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Most used tool in the shop

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  • Most used tool in the shop

    I couldn't find the old thread, but I would like to update my choice to the 3D printer. Just has unlimited uses for my R/C airplane/Drone hobby. Not only is it the most used, it solves a thousand different problems with its use.

  • #2
    Probably not what RB was intending, but:

    The most useful tool in my shop is actually the broken-off shaft of an air-chisel: 5/8" hex stock, with a 1/2" circular reduced section (1-1/2" long) to fit (originally) the airgun chuck, overall length of the shaft about 7", chisel-head long gone. I use it as a drift punch, rivet-set, and not infrequently as a "framing nail-set" for driving heavy-caliber nails in odd/tricky places - always struck manually with a framing hammer.

    It came into my hands free, with the purchase of my home, 4 decades ago.

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    • #3
      Most used tool in my machine shop is my 6" chinese digi-cals, most used tool in my mechanics shop is my 3/8" drive snap-off swivel head ratchet...

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      • #4
        Well, working that angle, guess I'd have to say my laptop and Fusion 360, since that is where I must go first before using the 3d printer. In my machine shop would be my hand, always spraying my machines with oil and wiping light rust away. The A/C is not enough, I need to buy a big dehumidifier. The A/C gets it down to around 50-55% humidity.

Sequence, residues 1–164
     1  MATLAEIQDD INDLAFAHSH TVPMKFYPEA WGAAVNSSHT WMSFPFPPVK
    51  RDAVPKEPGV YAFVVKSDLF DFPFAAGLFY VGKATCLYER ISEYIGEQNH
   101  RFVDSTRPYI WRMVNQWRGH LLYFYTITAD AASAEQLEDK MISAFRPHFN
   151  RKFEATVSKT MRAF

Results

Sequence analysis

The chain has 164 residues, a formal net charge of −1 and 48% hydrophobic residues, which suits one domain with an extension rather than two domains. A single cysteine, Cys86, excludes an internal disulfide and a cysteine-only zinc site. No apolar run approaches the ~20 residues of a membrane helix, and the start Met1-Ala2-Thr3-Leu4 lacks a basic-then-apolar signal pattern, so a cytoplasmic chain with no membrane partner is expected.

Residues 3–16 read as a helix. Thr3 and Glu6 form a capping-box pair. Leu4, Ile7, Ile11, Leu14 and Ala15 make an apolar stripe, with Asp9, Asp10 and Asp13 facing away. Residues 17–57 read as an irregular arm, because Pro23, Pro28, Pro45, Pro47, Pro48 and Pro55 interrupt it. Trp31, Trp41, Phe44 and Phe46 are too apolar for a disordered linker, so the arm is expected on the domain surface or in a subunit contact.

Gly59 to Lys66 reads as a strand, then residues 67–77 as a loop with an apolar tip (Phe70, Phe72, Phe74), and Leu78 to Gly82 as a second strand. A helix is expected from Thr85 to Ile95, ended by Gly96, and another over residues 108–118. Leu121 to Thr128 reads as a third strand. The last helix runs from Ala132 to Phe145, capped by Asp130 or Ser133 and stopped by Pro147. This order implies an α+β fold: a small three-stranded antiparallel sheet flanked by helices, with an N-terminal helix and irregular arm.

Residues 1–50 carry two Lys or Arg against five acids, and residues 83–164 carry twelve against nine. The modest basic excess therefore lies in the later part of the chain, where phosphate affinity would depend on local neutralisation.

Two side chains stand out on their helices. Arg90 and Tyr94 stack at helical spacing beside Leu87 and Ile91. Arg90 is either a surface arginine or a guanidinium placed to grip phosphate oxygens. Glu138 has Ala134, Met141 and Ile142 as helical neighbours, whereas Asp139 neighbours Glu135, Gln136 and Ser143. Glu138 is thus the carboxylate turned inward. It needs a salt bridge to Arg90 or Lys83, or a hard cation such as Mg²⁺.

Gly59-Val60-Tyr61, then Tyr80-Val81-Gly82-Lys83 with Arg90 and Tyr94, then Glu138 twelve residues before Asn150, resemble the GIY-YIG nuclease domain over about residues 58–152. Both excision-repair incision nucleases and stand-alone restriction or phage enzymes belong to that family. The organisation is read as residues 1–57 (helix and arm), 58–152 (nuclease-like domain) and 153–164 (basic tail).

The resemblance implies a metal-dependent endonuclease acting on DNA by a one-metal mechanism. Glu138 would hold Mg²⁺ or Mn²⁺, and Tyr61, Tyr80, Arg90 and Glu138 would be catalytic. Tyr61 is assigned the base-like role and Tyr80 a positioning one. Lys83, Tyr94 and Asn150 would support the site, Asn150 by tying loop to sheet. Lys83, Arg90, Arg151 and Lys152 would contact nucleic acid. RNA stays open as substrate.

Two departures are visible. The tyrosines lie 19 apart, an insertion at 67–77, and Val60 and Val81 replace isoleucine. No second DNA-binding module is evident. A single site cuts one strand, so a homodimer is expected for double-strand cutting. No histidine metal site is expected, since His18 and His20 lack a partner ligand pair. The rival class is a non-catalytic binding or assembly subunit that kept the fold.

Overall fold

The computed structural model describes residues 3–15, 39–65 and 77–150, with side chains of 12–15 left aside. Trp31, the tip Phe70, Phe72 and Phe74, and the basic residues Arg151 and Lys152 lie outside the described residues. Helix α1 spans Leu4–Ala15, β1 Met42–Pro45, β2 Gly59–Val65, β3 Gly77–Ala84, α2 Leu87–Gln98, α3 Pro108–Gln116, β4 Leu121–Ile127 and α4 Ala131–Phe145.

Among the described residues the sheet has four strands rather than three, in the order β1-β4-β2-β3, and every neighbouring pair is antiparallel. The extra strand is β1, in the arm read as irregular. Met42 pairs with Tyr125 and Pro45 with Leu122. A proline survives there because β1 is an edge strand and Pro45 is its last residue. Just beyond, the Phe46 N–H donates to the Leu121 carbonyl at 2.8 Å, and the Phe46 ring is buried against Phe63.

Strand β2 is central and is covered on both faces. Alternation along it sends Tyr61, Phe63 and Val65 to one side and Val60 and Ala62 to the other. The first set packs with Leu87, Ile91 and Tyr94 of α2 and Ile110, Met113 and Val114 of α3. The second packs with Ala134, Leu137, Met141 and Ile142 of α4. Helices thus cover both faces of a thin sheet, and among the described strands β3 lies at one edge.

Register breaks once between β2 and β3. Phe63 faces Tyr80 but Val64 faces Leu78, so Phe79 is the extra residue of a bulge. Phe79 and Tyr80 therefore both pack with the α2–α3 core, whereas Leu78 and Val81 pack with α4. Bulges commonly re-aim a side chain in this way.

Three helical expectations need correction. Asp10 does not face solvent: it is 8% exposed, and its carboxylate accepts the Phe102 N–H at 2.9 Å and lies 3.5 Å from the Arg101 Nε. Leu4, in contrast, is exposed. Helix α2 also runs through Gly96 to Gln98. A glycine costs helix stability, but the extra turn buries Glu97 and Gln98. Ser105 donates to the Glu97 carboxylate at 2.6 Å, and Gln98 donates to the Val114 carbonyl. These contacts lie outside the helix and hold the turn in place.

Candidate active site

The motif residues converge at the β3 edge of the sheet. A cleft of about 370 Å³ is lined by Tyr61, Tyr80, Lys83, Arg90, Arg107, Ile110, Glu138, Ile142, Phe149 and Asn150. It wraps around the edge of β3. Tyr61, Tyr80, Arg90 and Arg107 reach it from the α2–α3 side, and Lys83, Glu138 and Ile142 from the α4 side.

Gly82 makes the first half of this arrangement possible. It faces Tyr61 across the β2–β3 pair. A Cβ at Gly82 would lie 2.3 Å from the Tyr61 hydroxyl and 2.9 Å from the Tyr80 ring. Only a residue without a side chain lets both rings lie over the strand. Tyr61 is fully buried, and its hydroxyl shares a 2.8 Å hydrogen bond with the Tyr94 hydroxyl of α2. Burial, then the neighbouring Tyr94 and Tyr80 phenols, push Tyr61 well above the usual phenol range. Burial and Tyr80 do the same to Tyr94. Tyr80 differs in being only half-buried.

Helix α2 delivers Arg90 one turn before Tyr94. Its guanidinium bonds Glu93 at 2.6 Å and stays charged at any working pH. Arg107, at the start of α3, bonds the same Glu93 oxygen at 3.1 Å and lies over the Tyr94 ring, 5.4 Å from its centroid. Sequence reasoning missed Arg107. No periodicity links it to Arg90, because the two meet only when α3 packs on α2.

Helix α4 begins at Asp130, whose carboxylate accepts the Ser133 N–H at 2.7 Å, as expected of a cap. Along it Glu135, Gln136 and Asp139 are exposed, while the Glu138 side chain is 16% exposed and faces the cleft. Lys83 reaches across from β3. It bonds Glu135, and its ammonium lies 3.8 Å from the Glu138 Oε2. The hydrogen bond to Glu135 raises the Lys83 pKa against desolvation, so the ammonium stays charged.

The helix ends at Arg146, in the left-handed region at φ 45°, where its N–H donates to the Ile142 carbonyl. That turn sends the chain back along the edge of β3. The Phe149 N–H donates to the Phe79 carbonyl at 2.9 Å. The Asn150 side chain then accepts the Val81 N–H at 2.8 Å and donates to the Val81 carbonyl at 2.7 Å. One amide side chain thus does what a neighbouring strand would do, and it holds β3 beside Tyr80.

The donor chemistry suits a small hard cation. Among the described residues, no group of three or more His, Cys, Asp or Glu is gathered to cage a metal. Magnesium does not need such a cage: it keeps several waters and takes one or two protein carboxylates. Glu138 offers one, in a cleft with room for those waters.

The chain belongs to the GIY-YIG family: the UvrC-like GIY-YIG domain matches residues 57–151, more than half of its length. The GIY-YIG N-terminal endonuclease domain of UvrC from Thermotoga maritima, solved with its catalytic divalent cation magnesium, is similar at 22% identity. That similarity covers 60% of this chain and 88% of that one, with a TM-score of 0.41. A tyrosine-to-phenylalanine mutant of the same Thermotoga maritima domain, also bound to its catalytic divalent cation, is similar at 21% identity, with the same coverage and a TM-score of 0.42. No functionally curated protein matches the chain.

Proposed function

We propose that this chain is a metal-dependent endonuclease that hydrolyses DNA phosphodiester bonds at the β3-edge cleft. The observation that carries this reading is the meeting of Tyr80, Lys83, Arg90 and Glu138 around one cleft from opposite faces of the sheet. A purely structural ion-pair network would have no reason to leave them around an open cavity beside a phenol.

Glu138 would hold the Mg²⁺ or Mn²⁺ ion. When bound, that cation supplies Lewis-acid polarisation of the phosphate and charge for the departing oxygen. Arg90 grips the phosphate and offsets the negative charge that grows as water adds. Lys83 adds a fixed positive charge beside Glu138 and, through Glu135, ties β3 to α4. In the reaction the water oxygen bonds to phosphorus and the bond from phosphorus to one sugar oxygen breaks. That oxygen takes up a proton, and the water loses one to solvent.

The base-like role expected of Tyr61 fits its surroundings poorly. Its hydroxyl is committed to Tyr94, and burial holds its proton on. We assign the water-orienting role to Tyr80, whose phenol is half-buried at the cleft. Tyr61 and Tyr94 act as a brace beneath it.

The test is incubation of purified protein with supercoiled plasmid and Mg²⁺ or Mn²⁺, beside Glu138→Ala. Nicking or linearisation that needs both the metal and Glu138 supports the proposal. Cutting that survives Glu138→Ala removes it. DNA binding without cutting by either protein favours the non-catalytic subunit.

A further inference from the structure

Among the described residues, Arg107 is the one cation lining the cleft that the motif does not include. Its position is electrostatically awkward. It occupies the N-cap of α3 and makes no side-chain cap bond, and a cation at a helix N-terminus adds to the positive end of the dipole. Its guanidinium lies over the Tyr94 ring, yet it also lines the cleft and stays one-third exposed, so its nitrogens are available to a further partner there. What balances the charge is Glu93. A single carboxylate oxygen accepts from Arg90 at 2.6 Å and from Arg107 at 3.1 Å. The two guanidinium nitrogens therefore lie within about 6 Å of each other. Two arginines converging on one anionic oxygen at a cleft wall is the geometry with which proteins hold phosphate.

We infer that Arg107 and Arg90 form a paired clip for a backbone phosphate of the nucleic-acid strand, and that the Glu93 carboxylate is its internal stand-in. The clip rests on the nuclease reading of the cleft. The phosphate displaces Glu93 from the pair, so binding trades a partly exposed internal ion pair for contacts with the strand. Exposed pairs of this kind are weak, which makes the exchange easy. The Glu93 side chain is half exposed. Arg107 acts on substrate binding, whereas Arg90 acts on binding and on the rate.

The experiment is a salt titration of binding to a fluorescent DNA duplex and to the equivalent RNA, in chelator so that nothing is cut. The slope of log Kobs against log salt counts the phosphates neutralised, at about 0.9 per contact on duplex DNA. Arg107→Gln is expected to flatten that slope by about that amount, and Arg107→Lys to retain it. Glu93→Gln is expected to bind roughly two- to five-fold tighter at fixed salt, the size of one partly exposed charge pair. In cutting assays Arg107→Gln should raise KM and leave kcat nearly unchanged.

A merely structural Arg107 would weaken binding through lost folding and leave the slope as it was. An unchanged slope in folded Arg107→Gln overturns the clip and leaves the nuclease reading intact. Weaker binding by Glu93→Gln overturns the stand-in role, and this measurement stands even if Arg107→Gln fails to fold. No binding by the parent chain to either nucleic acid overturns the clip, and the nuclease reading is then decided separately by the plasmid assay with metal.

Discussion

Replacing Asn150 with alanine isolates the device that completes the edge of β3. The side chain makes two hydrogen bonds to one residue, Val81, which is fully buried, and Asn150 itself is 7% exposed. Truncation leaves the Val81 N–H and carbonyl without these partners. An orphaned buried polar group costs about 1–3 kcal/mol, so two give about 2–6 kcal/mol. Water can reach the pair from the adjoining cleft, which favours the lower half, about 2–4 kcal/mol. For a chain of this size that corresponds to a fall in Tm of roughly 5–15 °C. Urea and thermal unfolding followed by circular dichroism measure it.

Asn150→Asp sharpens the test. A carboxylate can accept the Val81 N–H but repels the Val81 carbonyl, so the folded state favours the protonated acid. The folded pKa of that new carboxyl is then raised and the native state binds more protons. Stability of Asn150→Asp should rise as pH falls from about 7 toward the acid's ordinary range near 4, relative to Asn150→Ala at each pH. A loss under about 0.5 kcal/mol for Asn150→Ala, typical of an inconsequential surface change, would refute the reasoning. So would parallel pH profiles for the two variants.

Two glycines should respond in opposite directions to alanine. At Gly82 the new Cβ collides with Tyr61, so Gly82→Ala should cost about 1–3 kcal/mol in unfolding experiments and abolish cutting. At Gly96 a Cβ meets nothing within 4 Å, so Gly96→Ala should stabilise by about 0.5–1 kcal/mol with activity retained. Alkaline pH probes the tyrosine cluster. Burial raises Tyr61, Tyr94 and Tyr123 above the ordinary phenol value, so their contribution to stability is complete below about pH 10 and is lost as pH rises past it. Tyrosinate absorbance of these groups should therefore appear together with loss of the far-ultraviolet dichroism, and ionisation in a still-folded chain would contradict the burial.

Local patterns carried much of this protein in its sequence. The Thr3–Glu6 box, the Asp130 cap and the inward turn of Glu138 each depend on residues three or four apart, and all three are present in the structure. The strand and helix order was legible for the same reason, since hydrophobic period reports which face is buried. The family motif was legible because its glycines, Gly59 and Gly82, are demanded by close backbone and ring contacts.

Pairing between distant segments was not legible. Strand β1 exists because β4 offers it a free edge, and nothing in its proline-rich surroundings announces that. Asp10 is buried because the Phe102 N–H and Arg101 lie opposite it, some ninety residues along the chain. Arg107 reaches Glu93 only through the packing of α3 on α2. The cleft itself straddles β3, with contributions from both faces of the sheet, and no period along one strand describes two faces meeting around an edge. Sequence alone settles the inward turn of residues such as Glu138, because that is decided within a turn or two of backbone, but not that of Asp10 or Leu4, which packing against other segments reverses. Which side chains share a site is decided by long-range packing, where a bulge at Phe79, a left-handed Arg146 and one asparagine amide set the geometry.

Sent from my SM-G950U1 using Tapatalk

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        • #5
          Digital calipers, angle grinder or cordless drill depending on category.

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          • #6
            Originally posted by MattiJ View Post
            Digital calipers, angle grinder or cordless drill depending on category.
            Can't argue with any of those. I resisted until the end purchasing a cordless drill. Finally my son got me one for Christmas - I couldn't believe the torque it (Milwaukee 1/2") developed. The following Christmas he gave me a 3/8" Milwaukee - a little bit of overkill but now I have one for each hand.

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            • #7
              In my shop I use my fixturing table the most. Second would be my belt grinder and bandsaw.
              Location: The Black Forest in Germany

              How to become a millionaire: Start out with 10 million and take up machining as a hobby!

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              • #8
                It would be a toss up between belt grinder, drill press ( of which I have several), or small lathe. On thinking though maybe the belt grinder. Seems like I am always de-burring, shaping, cleaning or sharpening something and it may be to do with the other tools. And then there is the dial calipers. I have a cheap one I have out all the time and a Starrett that comes out when I want the "good stuff".

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                • #9